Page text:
Why Trusting Your Gut Matters in Love


On New Year’s Eve of 2014 I went to a party, met a cute guy, and ended up talking and laughing with him until 5 in the morning—something 100% out of my grandma-like, go-to-bed-by-nine character. It was fun, and he immediately brought out my carefree, goofy side. He showed me his record collection and we danced together like the main characters in the year’s most stereotypical rom-com.

The hopeless romantic in me loved that we met by total chance. I loved that we were watching Moulin Rouge at 3 in the morning and having deep conversations about life. It seemed like the perfect beginning to a story we would tell our kids someday.

Following that evening, as my mom and sister met and loved him, and my best friend seemed to offer her immediate approval, it all quite honestly felt like fate. I thought, “This is it. This is the guy God has finally brought into my life that I’m supposed to marry.” After a few years without dating, and after recently coming to a place of contentment about being single, I assumed this was the reward for my patience.

Because of all this, I buried way, way deep down any reservations I had about our relationship—even from the very beginning.

That first night, I remember feeling slightly uncomfortable by how strong he was coming on to me. I didn’t necessarily want to leave; I was just a little on edge because of how much he already seemed to like me, even though he didn’t know much beyond my name, occupation, and some small talk. But I was having fun so I shrugged it off.

When we went on our first date, I chalked up how much he talked to excitement. I couldn’t admit it bothered me when he carried 80% of the conversation and I could hardly get a word in. As things continued getting more serious between us, these moments kept happening, and our personalities oftentimes just did not gel.

But opposites are supposed to attract, right? If that’s the case, then this must be normal, I thought.

It’s not like he had any huge, fatal flaw deal breakers. There were just a bunch of baby red flags. Things I was able to easily talk myself down from because at the end of the day they were simply harmless differences between us, right?

And although the first month or two felt like an uphill climb on my part, as I reassured myself that the things I liked about him outweighed the awkwardness of navigating of a new relationship—we eventually settled into our new normal. And I really was happy. For the second time in my life, completely in love.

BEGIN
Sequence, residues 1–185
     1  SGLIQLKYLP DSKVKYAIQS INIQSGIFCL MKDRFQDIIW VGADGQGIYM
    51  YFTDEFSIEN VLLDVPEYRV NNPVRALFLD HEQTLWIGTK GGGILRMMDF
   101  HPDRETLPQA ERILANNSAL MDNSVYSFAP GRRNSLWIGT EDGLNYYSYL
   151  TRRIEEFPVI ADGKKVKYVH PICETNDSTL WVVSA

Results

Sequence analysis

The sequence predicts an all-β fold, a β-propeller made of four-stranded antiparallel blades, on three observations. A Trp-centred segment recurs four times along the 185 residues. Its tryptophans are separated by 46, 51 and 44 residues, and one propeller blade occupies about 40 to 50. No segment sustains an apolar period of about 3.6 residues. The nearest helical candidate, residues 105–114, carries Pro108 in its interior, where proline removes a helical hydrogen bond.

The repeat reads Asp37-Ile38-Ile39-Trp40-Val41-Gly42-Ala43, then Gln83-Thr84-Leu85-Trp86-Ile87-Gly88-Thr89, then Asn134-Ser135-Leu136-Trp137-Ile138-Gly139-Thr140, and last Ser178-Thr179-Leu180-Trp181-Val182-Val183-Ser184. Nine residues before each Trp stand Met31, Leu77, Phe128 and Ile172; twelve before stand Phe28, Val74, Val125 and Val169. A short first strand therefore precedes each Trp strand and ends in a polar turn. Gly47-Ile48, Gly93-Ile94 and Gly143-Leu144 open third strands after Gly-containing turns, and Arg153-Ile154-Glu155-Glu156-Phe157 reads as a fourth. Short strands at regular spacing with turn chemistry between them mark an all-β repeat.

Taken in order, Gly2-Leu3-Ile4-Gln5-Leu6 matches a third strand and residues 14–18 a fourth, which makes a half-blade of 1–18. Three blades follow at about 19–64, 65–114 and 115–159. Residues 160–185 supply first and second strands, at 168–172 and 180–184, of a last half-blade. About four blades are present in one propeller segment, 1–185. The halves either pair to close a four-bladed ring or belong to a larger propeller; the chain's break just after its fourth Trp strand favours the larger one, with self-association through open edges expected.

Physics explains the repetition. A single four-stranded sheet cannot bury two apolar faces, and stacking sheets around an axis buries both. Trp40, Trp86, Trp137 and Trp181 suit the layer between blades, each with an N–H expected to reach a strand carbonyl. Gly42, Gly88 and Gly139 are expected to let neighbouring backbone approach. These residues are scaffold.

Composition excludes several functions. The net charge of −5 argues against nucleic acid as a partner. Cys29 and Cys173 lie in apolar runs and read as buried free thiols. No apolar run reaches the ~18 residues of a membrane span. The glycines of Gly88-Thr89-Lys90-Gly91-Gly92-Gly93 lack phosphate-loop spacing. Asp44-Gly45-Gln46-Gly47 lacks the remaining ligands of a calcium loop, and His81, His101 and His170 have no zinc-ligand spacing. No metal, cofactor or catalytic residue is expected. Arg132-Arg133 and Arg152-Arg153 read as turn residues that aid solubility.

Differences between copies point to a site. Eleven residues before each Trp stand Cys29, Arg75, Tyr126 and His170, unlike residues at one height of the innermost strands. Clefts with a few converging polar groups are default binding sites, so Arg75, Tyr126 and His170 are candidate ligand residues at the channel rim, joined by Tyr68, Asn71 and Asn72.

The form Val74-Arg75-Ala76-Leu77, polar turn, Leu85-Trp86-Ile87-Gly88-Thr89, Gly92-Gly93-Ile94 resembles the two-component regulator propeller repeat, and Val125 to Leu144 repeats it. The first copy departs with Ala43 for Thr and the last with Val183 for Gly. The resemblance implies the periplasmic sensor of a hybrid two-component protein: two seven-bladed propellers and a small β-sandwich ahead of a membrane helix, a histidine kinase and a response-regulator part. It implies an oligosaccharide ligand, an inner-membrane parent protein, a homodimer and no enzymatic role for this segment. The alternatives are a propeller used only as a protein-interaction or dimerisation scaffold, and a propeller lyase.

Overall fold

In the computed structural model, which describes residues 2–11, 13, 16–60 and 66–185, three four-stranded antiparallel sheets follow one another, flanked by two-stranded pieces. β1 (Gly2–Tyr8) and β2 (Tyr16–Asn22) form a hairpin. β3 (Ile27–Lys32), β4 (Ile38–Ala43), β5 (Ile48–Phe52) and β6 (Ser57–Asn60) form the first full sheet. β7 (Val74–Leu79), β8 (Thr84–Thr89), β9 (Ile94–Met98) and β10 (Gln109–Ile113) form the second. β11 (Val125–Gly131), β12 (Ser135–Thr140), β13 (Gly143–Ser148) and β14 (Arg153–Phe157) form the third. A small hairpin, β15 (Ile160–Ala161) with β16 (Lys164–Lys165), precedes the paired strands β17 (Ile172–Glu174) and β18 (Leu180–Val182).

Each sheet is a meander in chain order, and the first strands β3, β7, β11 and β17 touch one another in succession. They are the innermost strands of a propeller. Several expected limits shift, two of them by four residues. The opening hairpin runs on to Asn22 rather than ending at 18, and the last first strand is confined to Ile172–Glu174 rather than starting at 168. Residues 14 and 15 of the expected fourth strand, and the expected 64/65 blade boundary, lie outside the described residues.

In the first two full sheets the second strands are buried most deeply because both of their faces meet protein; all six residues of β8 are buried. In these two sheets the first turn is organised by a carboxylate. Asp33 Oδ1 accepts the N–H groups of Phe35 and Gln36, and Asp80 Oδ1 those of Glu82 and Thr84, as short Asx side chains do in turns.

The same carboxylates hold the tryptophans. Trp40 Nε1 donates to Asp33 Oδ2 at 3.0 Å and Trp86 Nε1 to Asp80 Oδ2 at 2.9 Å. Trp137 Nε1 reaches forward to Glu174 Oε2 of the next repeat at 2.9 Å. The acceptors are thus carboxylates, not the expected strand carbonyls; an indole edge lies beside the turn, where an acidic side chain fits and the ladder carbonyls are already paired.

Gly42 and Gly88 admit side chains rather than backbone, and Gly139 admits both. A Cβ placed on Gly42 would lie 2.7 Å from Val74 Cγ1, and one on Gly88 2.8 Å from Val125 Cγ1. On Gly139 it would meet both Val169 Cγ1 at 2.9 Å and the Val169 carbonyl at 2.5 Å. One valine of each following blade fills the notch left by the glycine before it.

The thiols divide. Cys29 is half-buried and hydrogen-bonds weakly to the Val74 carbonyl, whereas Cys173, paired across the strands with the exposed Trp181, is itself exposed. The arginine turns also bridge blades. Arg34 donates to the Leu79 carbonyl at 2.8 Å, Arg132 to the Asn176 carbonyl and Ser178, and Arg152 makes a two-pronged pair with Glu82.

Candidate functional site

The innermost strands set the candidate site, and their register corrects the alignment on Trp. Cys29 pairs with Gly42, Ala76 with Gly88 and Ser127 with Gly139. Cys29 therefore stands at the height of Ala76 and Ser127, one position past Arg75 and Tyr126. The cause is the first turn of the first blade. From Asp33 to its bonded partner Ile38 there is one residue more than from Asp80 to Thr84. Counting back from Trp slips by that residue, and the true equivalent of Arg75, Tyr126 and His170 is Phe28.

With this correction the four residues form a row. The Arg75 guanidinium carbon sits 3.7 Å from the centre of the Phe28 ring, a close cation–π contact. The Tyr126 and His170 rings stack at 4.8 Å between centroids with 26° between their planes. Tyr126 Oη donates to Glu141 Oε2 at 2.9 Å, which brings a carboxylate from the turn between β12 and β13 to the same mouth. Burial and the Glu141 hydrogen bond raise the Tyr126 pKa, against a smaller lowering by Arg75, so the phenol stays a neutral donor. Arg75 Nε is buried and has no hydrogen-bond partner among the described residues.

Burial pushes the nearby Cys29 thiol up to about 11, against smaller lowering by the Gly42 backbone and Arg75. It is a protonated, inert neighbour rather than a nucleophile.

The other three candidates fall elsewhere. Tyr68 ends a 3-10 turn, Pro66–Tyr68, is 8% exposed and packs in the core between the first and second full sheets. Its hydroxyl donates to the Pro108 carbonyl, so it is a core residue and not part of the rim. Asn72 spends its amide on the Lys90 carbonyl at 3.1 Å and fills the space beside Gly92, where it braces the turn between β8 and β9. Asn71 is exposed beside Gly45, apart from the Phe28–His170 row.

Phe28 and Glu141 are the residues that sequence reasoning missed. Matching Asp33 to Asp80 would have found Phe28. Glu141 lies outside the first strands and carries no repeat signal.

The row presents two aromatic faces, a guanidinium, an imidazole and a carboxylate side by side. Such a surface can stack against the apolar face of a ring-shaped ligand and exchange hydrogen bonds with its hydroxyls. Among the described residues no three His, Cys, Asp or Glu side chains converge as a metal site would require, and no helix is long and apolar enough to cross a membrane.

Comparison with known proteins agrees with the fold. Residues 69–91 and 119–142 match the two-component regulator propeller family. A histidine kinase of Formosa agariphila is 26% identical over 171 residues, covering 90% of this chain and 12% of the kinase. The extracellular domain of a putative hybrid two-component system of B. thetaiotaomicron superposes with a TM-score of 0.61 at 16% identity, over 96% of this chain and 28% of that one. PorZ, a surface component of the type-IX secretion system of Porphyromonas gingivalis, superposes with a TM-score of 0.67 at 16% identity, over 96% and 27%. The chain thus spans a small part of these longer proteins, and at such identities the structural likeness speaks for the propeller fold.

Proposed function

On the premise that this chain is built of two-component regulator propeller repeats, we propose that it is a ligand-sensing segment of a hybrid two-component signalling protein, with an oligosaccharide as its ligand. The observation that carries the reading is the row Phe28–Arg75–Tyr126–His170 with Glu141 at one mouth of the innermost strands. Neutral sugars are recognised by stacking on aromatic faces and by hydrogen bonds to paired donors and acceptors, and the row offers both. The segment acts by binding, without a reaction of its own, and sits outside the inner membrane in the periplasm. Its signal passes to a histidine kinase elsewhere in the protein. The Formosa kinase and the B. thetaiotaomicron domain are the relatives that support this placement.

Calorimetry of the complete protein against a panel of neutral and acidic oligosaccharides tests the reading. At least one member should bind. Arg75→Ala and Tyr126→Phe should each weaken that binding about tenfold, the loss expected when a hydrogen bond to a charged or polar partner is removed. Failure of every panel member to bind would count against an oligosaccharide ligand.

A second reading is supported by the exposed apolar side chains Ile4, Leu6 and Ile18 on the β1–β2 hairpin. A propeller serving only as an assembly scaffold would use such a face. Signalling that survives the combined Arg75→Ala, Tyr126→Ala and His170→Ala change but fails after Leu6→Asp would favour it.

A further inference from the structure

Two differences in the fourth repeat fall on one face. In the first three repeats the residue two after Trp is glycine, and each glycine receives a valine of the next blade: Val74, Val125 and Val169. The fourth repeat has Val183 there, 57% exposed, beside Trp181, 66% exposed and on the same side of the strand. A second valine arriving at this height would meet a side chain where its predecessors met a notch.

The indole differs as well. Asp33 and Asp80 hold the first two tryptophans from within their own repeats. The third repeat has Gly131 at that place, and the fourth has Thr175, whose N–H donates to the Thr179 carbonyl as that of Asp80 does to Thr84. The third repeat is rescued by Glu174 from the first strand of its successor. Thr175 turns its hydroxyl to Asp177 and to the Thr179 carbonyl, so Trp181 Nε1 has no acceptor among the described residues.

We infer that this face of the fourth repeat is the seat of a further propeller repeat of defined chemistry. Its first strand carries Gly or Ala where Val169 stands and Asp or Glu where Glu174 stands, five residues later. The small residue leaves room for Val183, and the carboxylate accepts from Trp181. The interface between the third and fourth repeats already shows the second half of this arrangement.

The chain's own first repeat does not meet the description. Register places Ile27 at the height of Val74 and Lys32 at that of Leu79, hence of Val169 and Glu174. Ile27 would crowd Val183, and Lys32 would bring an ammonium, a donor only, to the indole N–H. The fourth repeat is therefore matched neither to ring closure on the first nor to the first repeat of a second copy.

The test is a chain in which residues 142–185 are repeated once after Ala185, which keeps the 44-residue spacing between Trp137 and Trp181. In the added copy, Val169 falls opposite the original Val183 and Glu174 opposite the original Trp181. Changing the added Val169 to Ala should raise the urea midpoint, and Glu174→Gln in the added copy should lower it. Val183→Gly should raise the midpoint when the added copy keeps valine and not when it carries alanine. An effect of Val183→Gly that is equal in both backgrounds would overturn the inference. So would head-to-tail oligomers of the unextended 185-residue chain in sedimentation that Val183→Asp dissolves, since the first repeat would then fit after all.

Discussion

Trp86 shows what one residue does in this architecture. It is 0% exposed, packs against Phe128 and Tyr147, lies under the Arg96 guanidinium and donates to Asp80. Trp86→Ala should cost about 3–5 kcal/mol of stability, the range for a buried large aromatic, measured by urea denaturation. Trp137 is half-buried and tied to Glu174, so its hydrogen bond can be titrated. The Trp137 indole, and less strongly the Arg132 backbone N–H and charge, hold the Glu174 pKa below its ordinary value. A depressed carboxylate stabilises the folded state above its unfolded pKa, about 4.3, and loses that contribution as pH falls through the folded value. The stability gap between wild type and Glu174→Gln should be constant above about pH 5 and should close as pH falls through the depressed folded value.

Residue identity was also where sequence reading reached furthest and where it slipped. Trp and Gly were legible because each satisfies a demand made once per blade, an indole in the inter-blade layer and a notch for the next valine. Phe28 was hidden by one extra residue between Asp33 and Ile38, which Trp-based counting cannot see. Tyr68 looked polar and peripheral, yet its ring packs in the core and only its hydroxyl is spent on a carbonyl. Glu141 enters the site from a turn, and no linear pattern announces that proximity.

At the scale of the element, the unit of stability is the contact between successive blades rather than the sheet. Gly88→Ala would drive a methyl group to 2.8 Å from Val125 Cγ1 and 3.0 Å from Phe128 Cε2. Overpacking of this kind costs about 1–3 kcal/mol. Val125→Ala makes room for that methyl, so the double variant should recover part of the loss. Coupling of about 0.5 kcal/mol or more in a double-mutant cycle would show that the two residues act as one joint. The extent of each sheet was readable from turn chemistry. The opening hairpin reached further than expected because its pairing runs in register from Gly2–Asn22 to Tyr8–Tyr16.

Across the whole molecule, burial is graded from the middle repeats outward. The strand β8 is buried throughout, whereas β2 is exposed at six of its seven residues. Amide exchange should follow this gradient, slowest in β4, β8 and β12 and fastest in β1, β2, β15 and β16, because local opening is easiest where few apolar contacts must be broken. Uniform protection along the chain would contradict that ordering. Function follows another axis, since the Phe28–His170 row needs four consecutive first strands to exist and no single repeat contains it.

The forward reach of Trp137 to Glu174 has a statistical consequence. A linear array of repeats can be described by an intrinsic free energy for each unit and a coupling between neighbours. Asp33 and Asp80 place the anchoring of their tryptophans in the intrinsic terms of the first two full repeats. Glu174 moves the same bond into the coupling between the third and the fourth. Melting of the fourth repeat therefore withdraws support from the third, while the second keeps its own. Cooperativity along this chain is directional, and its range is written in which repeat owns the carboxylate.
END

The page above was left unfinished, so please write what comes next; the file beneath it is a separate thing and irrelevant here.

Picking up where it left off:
Because there were good things he brought to our relationship as well—his honesty and optimism, the way he dealt with conflict, his strong beliefs, and how easily he could bring out my fun side. In many ways, we worked. And I was convinced he was my future husband, so I ignored the occasional thought that I wasn’t totally sure I wanted to spend the rest of my life with this man.

We were in too deep, I had confided in too many that this was my forever person, and even started a wedding Pinterest board for Pete’s sake! This was my future, I decided, reservations or not.

So when he broke up with me on our 8-month anniversary, the words shocked, devastated, and confused only scratch the surface of how I felt. My world was shaken to the very core—all of my dreams and future plans gone in seconds. As I cried myself to sleep that night, I was in denial that this was happening. So I prayed and stayed faithful to the belief that we were meant to end up together… for 6 entire months.

As it turns out, though, we’re not.

And during those 6 months—when I thought I was just being patient until my soulmate reentered my life once again and we lived happily ever after—what was actually happening was that I was growing. Being single again gave me clarity I so desperately needed. I was reminded of who I am and what I truly want and need in a relationship. I still missed this person, but I was able to see beyond the situation and to my surprise, heal.

I realized that what happened, believe it or not, was for the better.

The cliché phrase that “hindsight is 20/20” is overused, but oh so true. I wish I had opened my eyes and given more weight to all those baby red flags in the beginning, probably saving myself some hurt down the road. But at the end of the day, I’m thankful that I went through what I did. I’m thankful for the ups and downs, the joy and heartbreak that relationship brought. Because now, from a healed vantage point, I can see how that year prepared me for my actual forever person. It prepared me for someone who unquestioningly is my perfect match in every way and meets my relational needs far better than I thought was even possible.

I’m so glad I didn’t settle for a love that’s just good enough. Because the extraordinary type of love I’ve found is far better.

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